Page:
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I need some advice (not the answer).

My current assignment requires that I check (int first, int second...int fifth), for duplicate numbers using int pick.

User is to enter 2 numbers (one number is a range from 1-100 and the second number is 1-6), then i randomize the output by using the information they provide

Example Num1 = 49 Num2 = 3 Output: 4, 40, 30.

I need a way to check if "pick" (the random number generated), does not duplicate against int first, int second and so on.

I can use a bunch of if statements to validate pick vs first, second etc. I'd like not to do this as it is way to much code. I was wondering if there is a way that I could use a loop to do this?

Any advice would be appreciated, this is homework, but I'm not looking for the answer just a hint or advice.

I can post some code i have if need be.

#include <stdio.h>
#include <stdlib.h>
#include <time.h>



int validate(int low, int high) {
    int flag = 0, number = 0;
    do 
    {
        scanf(" %d", &number);
        if (number <= low || number > high) 
        {
            printf("INVALID! Must enter a value between %d and %d: ", low, high);
        }
        else {
            flag = 1;
        }
    } while(flag == 0);
    return number;
}

int getRand(int max) {
    int number, i;
    number = rand() % max + 1;
    return number;
}
int validatePick(int pick, int first, int second, int third, int fourth, int fifth) {
    int valid;

    do {
        if (pick 

}
void prnt(int qty, int first, int second, int third, int fourth, int fifth, int sixth);
int sort2(int *n1, int *n2);


main () {
    int num1, num2, count = 0;
    int pick, first = second = third = fourth = fifth = 0;

    printf("LOTTERY GENERATOR\n");
    printf("Enter the maximum value between 1 and 100: ");
    num1 = validate(1,100);
    printf("Enter quantity of numbers to pick, between 1 and 6: ");
    num2 = validate(1, 6);

    srand(time(NULL));
    printf("Picks: %c", ' ');
    while (count < num2) {
        getRand(num1);

        count++;
    }
}
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closed as not constructive by Pascal Cuoq, Mike, Jonathan Leffler, finnw, bmargulies Nov 2 '12 at 19:58

As it currently stands, this question is not a good fit for our Q&A format. We expect answers to be supported by facts, references, or expertise, but this question will likely solicit debate, arguments, polling, or extended discussion. If you feel that this question can be improved and possibly reopened, visit the help center for guidance.If this question can be reworded to fit the rules in the help center, please edit the question.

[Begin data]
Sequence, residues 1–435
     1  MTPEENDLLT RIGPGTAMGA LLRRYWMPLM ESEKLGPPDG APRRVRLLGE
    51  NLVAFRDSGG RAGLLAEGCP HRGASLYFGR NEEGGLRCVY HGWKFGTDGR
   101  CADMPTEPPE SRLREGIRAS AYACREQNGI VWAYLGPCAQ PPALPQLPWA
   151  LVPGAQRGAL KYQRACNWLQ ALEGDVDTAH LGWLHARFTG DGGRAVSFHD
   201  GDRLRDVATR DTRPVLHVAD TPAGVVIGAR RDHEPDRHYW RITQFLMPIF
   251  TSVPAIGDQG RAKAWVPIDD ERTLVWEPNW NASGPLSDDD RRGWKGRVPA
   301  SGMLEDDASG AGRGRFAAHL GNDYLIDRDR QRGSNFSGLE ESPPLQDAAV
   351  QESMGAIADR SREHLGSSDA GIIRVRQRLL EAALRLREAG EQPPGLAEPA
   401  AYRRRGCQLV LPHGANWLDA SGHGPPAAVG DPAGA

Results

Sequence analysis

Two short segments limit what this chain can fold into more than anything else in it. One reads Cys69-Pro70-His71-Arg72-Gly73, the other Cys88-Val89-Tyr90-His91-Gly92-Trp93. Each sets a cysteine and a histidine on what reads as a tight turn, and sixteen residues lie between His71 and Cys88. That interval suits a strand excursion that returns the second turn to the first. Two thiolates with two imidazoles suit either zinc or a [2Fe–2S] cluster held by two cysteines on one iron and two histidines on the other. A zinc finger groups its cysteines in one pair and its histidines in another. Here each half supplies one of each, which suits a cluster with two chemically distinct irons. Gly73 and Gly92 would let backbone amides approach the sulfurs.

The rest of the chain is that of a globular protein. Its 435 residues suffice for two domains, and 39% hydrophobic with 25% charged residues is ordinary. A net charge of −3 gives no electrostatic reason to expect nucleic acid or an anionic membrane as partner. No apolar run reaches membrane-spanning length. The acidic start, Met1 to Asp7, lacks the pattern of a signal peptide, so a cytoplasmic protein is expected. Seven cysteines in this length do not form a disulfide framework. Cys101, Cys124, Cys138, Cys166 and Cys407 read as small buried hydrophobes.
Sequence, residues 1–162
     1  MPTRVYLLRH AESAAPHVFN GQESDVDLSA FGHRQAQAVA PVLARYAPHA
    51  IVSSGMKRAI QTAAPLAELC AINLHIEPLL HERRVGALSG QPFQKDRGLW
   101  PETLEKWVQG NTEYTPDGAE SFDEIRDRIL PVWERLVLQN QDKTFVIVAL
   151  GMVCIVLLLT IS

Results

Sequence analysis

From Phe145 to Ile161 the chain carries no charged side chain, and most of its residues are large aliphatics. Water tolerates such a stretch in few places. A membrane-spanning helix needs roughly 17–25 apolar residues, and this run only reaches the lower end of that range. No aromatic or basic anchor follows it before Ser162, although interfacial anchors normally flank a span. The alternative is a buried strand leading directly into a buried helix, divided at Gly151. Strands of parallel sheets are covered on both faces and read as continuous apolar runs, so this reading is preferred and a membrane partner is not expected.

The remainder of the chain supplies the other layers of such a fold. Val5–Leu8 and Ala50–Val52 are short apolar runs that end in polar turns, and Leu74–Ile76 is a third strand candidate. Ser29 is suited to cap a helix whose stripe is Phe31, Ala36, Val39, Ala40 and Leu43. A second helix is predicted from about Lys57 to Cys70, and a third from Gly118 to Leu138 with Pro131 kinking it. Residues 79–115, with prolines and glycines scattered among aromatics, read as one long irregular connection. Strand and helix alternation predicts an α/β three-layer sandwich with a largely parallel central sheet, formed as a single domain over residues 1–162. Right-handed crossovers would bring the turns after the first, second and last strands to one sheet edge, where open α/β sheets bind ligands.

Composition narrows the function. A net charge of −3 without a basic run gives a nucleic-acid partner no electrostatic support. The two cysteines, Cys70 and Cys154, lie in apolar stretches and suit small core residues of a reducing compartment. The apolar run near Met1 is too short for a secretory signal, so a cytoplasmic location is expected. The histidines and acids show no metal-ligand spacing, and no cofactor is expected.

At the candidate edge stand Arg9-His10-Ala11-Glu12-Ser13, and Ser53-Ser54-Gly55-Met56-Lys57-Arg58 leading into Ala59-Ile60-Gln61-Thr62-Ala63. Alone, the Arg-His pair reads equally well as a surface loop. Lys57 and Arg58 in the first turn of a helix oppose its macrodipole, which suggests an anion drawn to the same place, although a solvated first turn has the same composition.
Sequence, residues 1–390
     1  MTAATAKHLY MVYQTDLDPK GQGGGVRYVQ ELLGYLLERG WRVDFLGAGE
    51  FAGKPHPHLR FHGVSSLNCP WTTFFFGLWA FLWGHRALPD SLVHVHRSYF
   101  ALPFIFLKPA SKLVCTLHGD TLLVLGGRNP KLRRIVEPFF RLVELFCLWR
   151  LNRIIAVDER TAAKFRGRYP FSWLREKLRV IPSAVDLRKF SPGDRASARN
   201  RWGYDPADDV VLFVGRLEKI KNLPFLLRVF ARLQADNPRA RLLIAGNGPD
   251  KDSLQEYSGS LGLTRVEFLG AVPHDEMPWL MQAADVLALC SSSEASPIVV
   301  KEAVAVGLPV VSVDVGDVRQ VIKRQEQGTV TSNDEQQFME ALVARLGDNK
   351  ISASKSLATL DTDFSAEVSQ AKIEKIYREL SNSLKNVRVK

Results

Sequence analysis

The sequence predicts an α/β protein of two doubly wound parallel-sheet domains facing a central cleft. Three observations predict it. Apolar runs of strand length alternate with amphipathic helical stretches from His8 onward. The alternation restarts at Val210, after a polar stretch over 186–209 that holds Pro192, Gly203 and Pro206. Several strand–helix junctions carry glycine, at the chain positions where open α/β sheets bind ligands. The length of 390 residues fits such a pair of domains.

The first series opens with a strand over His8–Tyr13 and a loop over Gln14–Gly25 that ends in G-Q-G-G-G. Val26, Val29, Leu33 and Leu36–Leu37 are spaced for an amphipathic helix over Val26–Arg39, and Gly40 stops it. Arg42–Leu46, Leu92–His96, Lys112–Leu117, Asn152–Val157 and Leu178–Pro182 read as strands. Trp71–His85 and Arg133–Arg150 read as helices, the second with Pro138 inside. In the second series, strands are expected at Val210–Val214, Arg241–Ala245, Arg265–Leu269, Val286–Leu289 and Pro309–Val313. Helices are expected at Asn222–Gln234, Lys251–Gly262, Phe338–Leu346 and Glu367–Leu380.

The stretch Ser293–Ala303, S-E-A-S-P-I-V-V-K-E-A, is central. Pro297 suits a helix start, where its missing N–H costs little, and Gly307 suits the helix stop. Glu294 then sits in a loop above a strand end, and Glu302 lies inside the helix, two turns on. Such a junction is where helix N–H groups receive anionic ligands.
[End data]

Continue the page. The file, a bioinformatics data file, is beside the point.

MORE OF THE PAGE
2  
why not put the numbers into an array, so that you can check in a loop? –  Vlad Nov 1 '12 at 13:31
1  
I am not sure how advance your class is. But one of the most efficient ways to do this would be to use a data structure such as a sorted B or B* tree. Then you can just iterate through the tree until you find or don't find your number. –  CoffeeMuncher Nov 1 '12 at 13:33
    
Not that advanced at the moment. I have to write this program without arrays 1st, for bonus marks I can use arrays (i have to resubmit it). If i could use arrays it would be a hell of a lot easier. I may be over thinking this. –  Luca Tenuta Nov 1 '12 at 13:34
1  
I'd probably recommend a simple hash table with a really basic hash function line x mod n. It's just a lot easier to make a hash table than a B tree for a homework assignment. –  Geoff Montee Nov 1 '12 at 13:35
    
Correct me if I am wrong, but you're always checking your generated number against input Num1 and Num2 or are you checking the generated number against every previous generated number? –  CoffeeMuncher Nov 1 '12 at 13:37

1 Answer 1

You can create a basic hash table to store your numbers and check for duplicates pretty easily.

typedef struct HashElement
{
    int data;
    HashElement* next;
} HashElement;

typedef struct HashTable
{
    int size;
    HashElement** table;
} HashTable;

HashTable* allocateHashTable(int size)
{
    HashElement** table = malloc(sizeof(HashElement*) * size);

    for (int count = 0; count < size; count++)
    {
        table[count] = NULL;
    }

    HashTable* hashTable = malloc(sizeof(HashTable));

    hashTable->size = size;
    hashTable->table = table;

    return hashTable;
}

HashElement* allocateHashElement(int value)
{
    HashElement* element = malloc(sizeof(HashElement));

    element->data = value;
    element->next = NULL;

    return element;
}

void freeHashTable(HashTable* hashTable)
{
    //to do
}

void freeHashElement(HashElement* element)
{
    //to do
}

void insertValue(HashTable* hashTable, int value)
{
    //to do
}

int hash(int value, int size)
{
    return value % size;
}

int elementExists(HashTable* hashTable, int value)
{
    int index = hash(value, hashTable->size);

    HashElement* current = hashTable->table[index];

    while (current != NULL)
    {
        if (current->data == value)
            return 1;

        current = current->next;
    }

    return 0;
}

Edit 1:

You could add your 5 numbers or whatever to the hash table, and change your function to this:

int validatePick(int pick, HashTable* hashTable) {
    return (elementExists(hashTable, pick) : 0 ? 1); 
}

Although, a hash table may be overkill if you only have 5 elements. It seems like a simple array would suffice, but you mentioned that arrays are forbidden.

Edit 2:

So:

  1. Arrays are forbidden.
  2. Data structures are too complex.
  3. Want to minimize code.

So, if you just dont want a bunch of big if blocks...

int validatePick(int pick, int one, int two, int three, int four, int five) {
    return ((pick == one) : 0 ?
        ((pick == two)    : 0 ?
        ((pick == three)  : 0 ?
        ((pick == four)   : 0 ?
        ((pick == five)   : 0 ? 1))))); 
}
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